BLSA says SOE audits remain cause for concern this year

4th December 2023

By: Marleny Arnoldi

Deputy Editor Online


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While national and provincial government has made strides in improving financial management, there is also a concerning increase in entities that simply do not complete audits, says Business Leadership South Africa (BLSA) CEO Busi Mavuso.

In her latest weekly newsletter, she lauds the increase in public entities’ clean audits this year from 126 to 147, and the number of those with disclaimers falling from 14 to five; however, she mentions that the Auditor General of South Africa’s (AG's) report showed an increase in entities not submitting audits from 12 to 31.

The most concerning aspect is the contribution to this number from the State-owned enterprises (SOEs), Mavuso says.

Only the Development Bank of Southern Africa received a clean audit, while several audits were outstanding, including that of South African Airways for the fifth year, Eskom, Denel and Alexkor.

Two saw regressions in outcomes including the Land Bank from clean audit to financially unqualified opinion with findings and the South African Broadcasting Corporation from a qualified audit opinion with findings to a disclaimed opinion.

“The performance of the SOEs remains a critical problem for our country and the AG’s report makes clear that accountability for their management and reporting on finances and performance is a key part of the failings,” Mavuso states.

Other entities that had not submitted accounts were the Unemployment Insurance Fund, the National Student Financial Aid Scheme, and the Compensation Fund. These are critical institutions that provide support to many South Africans and their failure to adhere to accountability norms is very concerning.


The improvement in provinces is perhaps the best takeaway. This represents a concerted effort by provincial governments and the support of the National Treasury.

Auditor-General Tsakani Maluleke noted during a Parliamentary briefing last week that Gauteng’s education department got a clean audit this year after years of work.

In KwaZulu-Natal, there were nine improvements and in the Eastern Cape and North West eight improvements in each. The Western Cape remains the leading province, with 18 clean audits.

Apart from the financial accounts, the AG’s office also assesses the delivery of government entities on their annual performance plans. The findings are decidedly mixed.

The AG reported that a quarter of auditees provided unreliable, incorrect or no evidence for the achievements they reported.

At national level, transport, public works and human settlements do reasonably well, but health has four disclaimed opinions and one outstanding audit out of ten.

Findings are made where reported achievements are not backed up by sufficient evidence, ranging from the number of schools provided with running water to the number of title deeds registered by the provincial departments of human settlements.


Mavuso says one issue that keeps surfacing is the role of the Public Finance Management Act and Municipal Finance Management Act, with several entities that fail to get clean audits complaining that the legislation and corresponding regulations are not appropriate for their entities.

The AG reports that what really matters is that there are disciplined management teams seized with ensuring systems, processes and monitoring controls are in place.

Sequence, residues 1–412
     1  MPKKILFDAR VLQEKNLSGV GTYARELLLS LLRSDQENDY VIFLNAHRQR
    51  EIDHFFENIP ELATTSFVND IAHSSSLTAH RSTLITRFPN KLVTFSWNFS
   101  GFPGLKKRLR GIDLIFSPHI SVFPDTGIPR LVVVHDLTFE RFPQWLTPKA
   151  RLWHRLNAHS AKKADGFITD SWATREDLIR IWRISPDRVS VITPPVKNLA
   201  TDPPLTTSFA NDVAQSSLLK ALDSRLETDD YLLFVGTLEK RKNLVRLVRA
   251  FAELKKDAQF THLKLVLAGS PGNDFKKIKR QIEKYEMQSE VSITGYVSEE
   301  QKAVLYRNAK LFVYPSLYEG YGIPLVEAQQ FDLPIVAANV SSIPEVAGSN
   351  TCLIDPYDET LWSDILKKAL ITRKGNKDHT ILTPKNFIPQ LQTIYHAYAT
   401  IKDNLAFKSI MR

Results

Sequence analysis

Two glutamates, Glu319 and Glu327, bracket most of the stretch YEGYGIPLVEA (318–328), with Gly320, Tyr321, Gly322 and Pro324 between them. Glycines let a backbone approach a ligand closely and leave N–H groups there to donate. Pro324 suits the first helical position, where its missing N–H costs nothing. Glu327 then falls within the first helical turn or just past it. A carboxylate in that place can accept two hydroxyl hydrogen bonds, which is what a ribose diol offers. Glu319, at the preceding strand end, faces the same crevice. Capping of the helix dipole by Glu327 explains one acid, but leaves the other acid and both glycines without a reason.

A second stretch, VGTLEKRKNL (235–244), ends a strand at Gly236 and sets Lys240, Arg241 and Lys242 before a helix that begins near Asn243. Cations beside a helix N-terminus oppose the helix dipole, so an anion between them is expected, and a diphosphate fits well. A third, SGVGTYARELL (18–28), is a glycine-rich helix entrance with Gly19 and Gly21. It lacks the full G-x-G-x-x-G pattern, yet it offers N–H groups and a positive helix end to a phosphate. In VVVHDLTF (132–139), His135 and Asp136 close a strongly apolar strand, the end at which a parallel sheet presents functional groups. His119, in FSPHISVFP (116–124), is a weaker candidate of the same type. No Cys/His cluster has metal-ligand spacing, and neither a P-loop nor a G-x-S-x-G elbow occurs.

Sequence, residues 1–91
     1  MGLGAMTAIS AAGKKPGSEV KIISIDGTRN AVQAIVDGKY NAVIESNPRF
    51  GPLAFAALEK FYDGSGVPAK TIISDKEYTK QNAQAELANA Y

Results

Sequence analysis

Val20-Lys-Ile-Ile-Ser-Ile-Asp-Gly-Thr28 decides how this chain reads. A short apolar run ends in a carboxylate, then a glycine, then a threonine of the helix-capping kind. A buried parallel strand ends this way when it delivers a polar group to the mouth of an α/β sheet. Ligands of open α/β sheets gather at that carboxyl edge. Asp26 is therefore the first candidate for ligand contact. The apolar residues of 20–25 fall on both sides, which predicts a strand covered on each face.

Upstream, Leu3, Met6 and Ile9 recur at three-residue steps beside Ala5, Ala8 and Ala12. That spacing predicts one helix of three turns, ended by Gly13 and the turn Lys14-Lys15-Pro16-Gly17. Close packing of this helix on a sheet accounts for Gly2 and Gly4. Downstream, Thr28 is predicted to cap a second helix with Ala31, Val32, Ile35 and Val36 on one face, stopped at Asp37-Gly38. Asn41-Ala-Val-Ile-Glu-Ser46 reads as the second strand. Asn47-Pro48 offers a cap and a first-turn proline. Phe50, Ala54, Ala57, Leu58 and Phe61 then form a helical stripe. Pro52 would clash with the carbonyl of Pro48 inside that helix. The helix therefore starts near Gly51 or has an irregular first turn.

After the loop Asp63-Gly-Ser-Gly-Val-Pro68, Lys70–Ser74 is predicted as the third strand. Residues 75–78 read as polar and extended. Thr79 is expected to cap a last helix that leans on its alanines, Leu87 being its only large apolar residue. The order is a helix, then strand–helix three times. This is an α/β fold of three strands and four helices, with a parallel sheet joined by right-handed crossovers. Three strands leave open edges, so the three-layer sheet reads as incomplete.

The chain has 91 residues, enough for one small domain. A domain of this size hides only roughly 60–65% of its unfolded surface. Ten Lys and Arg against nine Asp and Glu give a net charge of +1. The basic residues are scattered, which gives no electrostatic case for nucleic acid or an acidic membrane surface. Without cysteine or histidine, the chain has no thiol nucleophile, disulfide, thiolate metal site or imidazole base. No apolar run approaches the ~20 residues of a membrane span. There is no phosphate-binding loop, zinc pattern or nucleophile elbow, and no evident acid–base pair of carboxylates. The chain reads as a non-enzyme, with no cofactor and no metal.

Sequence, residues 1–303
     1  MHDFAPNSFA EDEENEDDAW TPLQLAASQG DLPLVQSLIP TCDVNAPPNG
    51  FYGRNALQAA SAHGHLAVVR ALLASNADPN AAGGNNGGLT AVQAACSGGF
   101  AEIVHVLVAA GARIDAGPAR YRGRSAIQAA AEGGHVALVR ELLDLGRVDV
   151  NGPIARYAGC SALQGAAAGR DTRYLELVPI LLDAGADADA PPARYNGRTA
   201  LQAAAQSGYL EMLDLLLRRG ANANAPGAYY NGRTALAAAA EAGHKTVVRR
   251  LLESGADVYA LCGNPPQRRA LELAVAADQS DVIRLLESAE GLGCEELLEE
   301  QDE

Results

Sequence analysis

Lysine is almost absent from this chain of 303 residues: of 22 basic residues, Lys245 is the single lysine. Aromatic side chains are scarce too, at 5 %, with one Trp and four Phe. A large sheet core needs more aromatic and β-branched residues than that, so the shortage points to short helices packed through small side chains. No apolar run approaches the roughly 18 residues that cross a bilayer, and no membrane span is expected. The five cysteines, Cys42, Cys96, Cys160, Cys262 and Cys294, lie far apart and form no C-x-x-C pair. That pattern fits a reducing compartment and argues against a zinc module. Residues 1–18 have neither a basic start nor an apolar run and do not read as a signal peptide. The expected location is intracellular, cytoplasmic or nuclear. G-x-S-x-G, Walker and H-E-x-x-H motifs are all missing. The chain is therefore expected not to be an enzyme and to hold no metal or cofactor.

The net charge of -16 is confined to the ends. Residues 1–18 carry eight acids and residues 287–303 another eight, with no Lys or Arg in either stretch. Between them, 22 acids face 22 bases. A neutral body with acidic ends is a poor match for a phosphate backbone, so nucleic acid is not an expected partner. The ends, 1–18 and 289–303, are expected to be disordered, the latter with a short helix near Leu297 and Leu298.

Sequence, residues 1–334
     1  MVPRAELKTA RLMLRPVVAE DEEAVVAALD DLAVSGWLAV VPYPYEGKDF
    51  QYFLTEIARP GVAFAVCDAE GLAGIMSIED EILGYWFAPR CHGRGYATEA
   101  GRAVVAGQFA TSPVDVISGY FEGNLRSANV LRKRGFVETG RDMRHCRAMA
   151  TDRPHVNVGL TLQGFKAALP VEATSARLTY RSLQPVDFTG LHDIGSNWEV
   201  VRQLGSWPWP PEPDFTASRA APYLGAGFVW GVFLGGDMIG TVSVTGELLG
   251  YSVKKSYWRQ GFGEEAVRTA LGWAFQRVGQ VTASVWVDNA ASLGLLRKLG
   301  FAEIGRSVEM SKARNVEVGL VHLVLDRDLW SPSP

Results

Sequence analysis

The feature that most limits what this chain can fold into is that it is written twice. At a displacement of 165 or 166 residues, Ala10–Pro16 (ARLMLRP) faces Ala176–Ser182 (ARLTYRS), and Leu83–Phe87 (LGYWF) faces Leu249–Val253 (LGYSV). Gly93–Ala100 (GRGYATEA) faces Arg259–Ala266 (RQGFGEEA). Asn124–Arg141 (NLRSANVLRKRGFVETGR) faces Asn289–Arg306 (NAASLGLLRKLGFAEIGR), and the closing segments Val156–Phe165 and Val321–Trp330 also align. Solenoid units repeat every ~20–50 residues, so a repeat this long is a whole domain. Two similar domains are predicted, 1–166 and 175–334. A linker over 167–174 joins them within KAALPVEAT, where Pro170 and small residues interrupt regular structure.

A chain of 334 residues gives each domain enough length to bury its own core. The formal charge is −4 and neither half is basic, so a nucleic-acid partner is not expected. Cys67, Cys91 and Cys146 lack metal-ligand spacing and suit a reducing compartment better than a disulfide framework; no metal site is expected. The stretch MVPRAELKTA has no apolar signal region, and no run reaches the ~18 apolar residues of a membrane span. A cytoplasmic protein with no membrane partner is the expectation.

“Getting that in place is much more important than the detail of the regulations,” Mavuso states.

The AG also has a mandate to identify and report on material irregularities, which are acts of fraud, theft or breaches of fiduciary duties.

The AG has identified 266 material irregularities over the last four years, ranging from overpriced goods and services in procurement to fraud.

Actions by the AG have prevented loss or recovered R2.6-billion in that period, with 15 criminal investigations instituted, 50 individuals subjected to disciplinary processes and 58 internal controls improved.

“This is a welcome addition to the many efforts to tackle corruption and other criminality across our economy,” Mavuso notes.

The AG’s call for action is to drive a culture of accountability and consequences throughout the civil service.

Accounting officers and authorities need to implement consequences swiftly, bravely and consistently, Mavuso emphasises.

When there are consequences for actions, it helps to deter others from wrongdoing. The AG expressed some frustration that authorities are sometimes slow to act and miss opportunities to instill a disciplined and ethical culture.

The AG reported that of the procurement fraud and improper conduct incidents reported in the previous year, 59% were satisfactorily resolved but the rest were not. Ensuring swift consequences must be a key component to improving the overall performance of government.

“The AG is one of the institutions that underpins our demographic dispensation. It is an example of excellence in the public sector,” Mavuso states.

During the current administration, the AG has noted a steady improvement in compliance of public institutions, an achievement of this government, but also of the AG itself, which through consistent and thorough audits, highlights areas of underperformance. That also means the AG is a credible voice on improvements too.

For business, the report highlights the serious work that must be done on our SOEs.

“We are actively engaged in working with government through Business for South Africa to improve performance at these institutions, and the AG’s insights are a helpful spur to focus attention on the financial and performance monitoring and reporting of these institutions,” Mavuso concludes.

Edited by Chanel de Bruyn
Creamer Media Senior Deputy Editor Online




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